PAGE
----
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Graphical Representation of Alpha and Beta Strings

Any CI program requires some method for assigning a numerical code to each determinant (or configuration). Determinant-based CI's also require an addressing scheme for each alpha and beta string. Such addressing can be facilitated by using graphical representations. This section discusses the construction of simple graphs representing alpha and beta strings, and how the numerical code or address of each string can be calculated from these graphs. Our approach will be based on the work of Duch, who has described [27] the graphical representation of CI spaces in considerable detail.   First, we consider the simple two-slope directed graphs (``digraphs'') ${\cal G}_2(n : n_{\alpha / \beta})$ which represent alpha or beta strings without consideration of point-group symmetry. Figure 1 presents such a digraph representing all strings with five electrons in seven orbitals (as might be appropriate for the alpha or beta strings of H2O in a minimal basis set, neglecting point-group symmetry). Each string is represented by a ``walk'' on the graph, from the head (at e = o = 0) to the tail (at $e =
n_{\alpha / \beta}$, o = n); the graph should always be traversed in this direction. Moving straight down from vertex (e, o) to vertex (e, o+1) indicates that orbital o + 1 is unoccupied in the current string, while moving down diagonally from vertex (e, o) to vertex (e+1, o+1) indicates that orbital o + 1is occupied. Each vertex on the graph is assigned a weight x(e, o), and each arc connecting two vertices is assigned an arc weight Y(e, o) for the arc leaving vertex (e, o). Since, in general, two different arcs can leave a given vertex, we write Y0(e, o)for the arc originating from vertex (e, o)which leaves orbital o+1 unoccupied, and Y1(e, o) for the arc which occupies orbital o+1.6 The index or address of a string or walk is obtained by adding weights for each arc contained in the walk, i.e.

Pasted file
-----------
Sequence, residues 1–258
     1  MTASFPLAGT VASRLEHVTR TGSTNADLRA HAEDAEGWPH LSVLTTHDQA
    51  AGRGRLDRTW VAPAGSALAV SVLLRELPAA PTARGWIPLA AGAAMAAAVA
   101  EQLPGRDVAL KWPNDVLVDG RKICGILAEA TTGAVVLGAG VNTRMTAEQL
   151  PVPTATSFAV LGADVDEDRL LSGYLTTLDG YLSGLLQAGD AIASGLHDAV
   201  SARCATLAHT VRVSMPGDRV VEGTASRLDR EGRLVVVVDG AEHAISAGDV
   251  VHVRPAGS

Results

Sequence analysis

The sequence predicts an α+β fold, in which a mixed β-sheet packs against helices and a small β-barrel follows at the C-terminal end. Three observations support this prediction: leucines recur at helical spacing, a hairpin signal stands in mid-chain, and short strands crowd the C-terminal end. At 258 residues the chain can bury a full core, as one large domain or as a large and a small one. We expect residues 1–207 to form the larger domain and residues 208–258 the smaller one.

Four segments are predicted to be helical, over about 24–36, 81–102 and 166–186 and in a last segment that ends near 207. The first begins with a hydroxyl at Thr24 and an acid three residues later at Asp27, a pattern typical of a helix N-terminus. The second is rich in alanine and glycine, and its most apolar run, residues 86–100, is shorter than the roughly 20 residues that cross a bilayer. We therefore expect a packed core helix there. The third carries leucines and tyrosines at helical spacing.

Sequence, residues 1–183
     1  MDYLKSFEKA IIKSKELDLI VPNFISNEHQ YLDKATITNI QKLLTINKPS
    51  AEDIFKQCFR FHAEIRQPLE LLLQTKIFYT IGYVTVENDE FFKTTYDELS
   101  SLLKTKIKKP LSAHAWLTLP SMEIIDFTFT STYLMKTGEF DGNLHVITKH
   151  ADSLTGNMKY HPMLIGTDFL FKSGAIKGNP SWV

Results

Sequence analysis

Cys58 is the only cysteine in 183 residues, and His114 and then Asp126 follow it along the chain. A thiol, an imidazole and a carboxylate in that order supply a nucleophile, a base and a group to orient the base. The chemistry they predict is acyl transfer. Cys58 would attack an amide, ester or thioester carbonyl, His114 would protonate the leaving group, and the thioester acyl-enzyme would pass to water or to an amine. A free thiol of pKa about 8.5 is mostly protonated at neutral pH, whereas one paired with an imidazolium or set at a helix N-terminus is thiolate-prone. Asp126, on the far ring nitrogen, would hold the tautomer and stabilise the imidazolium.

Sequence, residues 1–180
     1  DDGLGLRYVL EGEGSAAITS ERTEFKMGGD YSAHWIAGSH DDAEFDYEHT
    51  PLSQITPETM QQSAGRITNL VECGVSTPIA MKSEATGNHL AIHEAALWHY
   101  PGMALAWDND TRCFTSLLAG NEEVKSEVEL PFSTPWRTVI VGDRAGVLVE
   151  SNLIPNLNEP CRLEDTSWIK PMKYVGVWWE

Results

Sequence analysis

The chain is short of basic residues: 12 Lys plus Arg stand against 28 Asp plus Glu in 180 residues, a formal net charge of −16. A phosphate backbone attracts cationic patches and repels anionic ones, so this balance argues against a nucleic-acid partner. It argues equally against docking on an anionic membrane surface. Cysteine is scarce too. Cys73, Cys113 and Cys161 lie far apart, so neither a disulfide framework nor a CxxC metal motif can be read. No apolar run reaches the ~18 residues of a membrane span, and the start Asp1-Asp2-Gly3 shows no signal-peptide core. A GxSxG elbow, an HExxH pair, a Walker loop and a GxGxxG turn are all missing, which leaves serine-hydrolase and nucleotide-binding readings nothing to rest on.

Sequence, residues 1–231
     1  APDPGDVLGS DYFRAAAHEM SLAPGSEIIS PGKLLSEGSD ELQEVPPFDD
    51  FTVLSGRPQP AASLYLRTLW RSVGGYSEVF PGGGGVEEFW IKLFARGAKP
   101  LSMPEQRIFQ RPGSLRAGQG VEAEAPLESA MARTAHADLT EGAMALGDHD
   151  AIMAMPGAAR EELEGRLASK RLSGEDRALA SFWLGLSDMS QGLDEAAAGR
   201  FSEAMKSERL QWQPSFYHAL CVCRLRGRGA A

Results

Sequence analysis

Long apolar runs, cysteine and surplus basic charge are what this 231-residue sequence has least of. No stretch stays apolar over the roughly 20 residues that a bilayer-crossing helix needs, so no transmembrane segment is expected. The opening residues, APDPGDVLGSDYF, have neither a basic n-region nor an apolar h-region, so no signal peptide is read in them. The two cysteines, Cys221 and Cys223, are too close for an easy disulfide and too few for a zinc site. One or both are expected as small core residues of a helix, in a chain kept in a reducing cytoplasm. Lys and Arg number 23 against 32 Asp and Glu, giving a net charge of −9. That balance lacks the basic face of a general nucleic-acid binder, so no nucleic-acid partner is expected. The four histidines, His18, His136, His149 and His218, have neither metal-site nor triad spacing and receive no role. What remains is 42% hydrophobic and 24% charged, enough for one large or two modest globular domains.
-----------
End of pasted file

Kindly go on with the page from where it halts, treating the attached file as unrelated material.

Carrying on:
\begin{displaymath}
I_{\alpha}(L^{\alpha}) = X(L^{\alpha}) + \sum_{i=0}^n Y_{L_i} (e_i,i)